|Joey C. Pelletier and Mike Budwey get to know each other.|
Charles Busch's Psycho Beach Party is always something of a showcase for its star (Busch himself played the lead in its premiere); but that impression goes double for the current Happy Medium/Heart & Dagger production closing this weekend at the Factory Theatre. Fringe bad-boy Joey C. Pelletier (full disclosure: a friend of The Hub Review) tears through the show in high style as Chicklet, the Gidget-like tomboy who morphs into multiple personalities at the drop of a beach ball. Joey was born to play this part, he knows it, and whenever he's on stage, Busch's game of psycho-sexual bingo suddenly heats up the beach. But beyond his best-of-the-year performance, things sometimes get patchy on this particular patch of sand.
The play itself has pretensions to being more than a drag vehicle - although in this early, pasted-together pastiche Busch is a long way from the later craft of such successes as The Allergist's Wife. Still, Psycho does evince something of his life-long interest in the intersection between drag performance, how femininity plays out in pop culture, and the only half-glimpsed, actual "feminine" psyche itself - perhaps tellingly, the script even concludes with a "Siamese-twin" act (featuring a male and female character fighting it out in the same sequined gown) that echoes Busch's own first play, Sister Act.
Thus Busch's Chicklet may seem to be all conventional sweetness and light on the surface - she only wants to learn to surf with the rude dudes who prefer her more buxom friends - but lying in wait just beneath her innocent demeanor lie a dominatrix bent on world conquest, a sassy black girlfriend, and even a Jewish accounting firm, all of whom break out at inopportune times to wreak havoc. And just as Chicklet careens between these personae (one of whom may be a serial killer!), the play itself swings between riffs on Beach Blanket Bingo, Hitchcock's Marnie, and a raft of other movies and shows.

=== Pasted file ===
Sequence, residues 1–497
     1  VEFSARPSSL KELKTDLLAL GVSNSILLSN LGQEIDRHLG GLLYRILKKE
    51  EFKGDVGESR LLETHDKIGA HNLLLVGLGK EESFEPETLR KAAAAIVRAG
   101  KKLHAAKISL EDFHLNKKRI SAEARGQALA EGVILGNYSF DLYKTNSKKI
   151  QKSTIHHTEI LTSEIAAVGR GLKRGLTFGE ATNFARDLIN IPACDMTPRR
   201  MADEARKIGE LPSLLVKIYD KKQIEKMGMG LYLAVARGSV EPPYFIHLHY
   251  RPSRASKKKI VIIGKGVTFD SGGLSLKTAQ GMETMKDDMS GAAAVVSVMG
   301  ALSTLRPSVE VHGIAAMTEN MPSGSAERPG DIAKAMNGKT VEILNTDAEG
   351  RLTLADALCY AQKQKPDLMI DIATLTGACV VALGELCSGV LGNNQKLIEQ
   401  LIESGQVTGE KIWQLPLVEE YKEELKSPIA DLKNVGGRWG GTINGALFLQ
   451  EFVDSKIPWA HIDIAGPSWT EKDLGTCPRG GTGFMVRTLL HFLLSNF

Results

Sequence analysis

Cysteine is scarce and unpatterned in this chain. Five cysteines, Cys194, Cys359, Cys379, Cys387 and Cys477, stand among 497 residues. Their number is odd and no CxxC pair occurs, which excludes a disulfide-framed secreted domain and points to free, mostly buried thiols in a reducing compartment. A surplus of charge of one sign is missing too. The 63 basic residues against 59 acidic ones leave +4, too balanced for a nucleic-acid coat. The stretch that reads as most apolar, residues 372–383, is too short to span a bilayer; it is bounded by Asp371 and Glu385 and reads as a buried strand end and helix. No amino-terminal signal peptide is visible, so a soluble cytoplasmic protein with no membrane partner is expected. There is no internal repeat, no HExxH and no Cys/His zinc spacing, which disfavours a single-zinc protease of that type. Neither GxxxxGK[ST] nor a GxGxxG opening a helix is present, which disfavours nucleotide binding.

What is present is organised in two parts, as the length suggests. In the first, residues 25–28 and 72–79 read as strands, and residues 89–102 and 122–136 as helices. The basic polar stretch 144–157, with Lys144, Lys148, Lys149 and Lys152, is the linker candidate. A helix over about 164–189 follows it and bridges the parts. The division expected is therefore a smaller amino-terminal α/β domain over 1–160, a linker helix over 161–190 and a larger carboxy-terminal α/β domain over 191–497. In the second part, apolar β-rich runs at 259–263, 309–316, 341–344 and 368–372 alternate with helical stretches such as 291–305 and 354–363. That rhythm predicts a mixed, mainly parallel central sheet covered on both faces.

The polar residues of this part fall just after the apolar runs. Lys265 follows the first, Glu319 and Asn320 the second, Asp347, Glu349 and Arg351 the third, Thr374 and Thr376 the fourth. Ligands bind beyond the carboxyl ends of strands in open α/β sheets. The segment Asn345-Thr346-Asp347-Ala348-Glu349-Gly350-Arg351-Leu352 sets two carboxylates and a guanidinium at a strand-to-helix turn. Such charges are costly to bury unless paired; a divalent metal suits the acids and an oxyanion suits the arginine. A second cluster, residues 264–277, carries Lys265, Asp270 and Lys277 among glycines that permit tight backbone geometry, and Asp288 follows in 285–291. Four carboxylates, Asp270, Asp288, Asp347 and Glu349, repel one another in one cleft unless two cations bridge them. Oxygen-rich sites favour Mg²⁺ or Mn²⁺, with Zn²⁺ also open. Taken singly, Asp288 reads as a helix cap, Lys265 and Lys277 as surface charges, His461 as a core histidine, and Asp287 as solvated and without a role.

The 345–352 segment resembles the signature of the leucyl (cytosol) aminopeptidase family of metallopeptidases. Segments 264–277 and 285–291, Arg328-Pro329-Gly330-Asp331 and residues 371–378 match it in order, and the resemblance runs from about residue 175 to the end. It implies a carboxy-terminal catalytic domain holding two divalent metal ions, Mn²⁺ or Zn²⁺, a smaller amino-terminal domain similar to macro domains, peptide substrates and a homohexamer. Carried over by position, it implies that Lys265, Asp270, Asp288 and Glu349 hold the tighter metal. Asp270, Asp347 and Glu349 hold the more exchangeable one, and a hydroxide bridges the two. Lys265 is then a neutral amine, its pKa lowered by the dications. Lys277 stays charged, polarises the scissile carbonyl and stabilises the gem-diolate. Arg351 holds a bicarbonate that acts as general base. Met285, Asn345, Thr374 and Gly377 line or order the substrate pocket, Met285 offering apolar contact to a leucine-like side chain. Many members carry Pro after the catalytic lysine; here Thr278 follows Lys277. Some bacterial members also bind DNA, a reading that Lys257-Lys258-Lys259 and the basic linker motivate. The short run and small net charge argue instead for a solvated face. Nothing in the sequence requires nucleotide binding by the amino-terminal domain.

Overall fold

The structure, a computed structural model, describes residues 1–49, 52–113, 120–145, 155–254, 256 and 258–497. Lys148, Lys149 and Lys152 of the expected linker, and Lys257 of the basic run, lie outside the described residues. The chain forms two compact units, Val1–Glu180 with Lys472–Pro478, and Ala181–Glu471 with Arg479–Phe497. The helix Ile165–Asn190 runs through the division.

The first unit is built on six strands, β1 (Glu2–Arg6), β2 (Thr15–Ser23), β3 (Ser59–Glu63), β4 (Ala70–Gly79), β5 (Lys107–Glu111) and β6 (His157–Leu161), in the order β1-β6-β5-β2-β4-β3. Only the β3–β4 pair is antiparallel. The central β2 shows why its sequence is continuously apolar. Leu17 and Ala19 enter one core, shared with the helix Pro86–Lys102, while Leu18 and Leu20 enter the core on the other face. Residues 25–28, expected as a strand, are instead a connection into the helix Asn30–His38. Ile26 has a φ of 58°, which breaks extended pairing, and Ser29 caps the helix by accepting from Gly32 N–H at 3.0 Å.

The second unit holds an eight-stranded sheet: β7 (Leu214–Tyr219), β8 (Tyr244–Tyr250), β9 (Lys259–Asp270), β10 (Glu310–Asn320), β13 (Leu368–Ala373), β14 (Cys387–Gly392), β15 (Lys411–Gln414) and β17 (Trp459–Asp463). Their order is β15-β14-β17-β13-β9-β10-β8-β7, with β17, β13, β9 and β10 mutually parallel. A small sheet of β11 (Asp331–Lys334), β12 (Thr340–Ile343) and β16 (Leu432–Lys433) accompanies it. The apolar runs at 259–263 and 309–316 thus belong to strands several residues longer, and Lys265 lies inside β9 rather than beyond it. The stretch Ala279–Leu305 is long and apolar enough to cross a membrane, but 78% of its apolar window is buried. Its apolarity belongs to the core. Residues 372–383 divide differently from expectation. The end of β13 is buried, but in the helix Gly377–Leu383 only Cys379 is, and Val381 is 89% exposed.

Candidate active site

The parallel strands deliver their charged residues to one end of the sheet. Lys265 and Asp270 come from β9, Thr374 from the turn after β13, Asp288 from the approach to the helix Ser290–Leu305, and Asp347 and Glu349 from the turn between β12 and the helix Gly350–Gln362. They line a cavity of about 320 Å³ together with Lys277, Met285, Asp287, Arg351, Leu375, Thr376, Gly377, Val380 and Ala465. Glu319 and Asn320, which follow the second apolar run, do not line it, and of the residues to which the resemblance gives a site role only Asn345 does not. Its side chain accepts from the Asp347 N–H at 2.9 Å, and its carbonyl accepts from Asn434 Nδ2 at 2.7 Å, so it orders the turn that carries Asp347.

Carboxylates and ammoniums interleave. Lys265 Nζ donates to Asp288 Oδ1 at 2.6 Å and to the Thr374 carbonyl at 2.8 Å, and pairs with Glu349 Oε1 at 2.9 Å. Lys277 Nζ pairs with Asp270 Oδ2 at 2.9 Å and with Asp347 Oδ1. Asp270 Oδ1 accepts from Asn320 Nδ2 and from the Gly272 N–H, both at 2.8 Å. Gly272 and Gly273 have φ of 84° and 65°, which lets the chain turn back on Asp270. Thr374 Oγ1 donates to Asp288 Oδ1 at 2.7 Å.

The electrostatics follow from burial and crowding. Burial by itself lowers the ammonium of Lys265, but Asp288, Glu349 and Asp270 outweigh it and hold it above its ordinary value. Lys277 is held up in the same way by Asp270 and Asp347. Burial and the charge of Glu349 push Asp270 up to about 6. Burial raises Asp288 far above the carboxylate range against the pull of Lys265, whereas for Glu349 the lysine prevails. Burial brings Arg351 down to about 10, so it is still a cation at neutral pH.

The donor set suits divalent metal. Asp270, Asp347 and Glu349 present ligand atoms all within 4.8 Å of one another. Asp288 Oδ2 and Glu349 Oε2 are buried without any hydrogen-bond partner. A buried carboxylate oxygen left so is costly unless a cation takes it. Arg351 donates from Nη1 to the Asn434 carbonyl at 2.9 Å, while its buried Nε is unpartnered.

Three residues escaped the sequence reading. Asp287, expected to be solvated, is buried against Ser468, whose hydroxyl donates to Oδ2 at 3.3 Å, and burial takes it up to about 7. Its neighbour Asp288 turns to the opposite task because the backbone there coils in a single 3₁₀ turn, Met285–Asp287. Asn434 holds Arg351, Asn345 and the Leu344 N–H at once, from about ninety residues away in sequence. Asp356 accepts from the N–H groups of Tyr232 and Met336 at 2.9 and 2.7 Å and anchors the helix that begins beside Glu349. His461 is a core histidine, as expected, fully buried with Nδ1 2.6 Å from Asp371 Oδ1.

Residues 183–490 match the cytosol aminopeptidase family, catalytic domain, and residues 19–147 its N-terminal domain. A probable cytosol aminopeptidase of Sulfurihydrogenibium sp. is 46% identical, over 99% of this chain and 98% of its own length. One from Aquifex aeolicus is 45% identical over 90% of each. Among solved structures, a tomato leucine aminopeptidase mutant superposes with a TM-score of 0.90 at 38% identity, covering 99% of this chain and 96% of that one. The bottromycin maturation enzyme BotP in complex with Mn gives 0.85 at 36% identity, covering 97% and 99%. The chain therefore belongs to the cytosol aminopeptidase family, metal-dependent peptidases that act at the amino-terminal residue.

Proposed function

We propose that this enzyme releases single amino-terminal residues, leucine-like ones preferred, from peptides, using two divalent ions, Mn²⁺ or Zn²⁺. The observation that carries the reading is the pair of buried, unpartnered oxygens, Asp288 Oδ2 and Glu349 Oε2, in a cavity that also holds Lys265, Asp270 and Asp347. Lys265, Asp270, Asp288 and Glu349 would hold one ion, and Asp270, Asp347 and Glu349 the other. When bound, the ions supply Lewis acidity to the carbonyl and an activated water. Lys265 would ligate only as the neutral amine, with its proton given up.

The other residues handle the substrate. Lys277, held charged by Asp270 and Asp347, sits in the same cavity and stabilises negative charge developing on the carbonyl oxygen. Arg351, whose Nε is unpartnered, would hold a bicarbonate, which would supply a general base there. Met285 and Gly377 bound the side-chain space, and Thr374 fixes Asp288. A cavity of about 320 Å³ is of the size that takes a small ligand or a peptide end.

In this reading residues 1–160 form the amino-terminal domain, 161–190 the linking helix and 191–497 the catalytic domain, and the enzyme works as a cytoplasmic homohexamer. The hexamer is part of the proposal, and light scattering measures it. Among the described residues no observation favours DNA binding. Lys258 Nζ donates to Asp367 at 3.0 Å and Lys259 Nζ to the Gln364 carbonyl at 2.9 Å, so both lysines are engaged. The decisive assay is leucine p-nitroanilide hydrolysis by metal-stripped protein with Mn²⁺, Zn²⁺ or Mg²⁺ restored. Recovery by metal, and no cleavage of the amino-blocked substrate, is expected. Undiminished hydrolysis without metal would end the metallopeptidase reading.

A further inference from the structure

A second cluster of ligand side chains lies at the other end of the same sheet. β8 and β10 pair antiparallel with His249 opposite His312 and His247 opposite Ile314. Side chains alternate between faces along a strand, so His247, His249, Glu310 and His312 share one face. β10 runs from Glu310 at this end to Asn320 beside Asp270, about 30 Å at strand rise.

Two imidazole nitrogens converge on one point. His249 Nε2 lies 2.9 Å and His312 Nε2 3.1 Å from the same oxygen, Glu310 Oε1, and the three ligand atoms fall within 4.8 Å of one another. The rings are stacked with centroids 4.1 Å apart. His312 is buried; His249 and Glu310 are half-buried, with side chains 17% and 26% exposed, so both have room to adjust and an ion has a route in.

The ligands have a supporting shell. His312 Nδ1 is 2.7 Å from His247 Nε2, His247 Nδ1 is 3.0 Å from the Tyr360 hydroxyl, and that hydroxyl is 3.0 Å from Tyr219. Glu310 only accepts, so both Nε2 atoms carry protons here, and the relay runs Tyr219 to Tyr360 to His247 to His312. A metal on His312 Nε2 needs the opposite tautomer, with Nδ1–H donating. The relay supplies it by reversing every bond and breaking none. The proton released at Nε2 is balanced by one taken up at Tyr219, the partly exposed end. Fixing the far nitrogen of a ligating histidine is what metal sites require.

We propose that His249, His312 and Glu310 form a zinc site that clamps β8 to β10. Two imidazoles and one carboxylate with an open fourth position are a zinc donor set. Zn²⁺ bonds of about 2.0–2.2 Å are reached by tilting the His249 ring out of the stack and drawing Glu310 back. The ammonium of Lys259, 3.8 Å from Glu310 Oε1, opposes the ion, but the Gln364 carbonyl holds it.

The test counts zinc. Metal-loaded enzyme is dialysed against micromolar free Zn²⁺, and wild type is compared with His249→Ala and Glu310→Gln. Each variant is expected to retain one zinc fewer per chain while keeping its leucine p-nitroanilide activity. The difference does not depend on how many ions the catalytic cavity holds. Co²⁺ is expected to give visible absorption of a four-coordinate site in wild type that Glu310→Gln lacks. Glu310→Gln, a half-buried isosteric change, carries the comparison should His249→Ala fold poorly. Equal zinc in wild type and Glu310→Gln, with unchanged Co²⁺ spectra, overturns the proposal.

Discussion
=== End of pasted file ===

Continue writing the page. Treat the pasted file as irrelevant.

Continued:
Joey scores in almost all his many roles, I'm glad to report - although surely his throatily commanding dominatrix, "Anne Bowman!", counts as the high point of the show. The rest of the cast has potential, and director Barbara DiGirolamo has captured the right goofily sun-baked tone - but the pace tends to drag (when it should snap), and to be honest there are just too many technical issues in the acting. One actor doesn't speak up enough, while another constantly shouts; and there's a tentative feel to too many scenes. Perhaps most problematically, a key role is obviously meant to channel the fabulously crazy Joan Crawford, but doesn't.
Still, choreographer Kiki Samko comes through with a groovy surfboard dance, the soundtrack is perfect, and the kids look hot in their beachwear - while we stay cool thanks to improvised air-conditioning (yes, in the Factory Theatre!). Plus there's a nicely snotty turn from Amy Meyer as teen queen Marvel Ann, and Lauren Foster shows potential as a spoiled movie star, while Mike Budwey is turned on most amusingly by his humiliation at the hands of Anne Bowman (above left). I wouldn't say this Beach Party quite hits the crazy heights it should, but Joey's performance is certainly one for the local history books.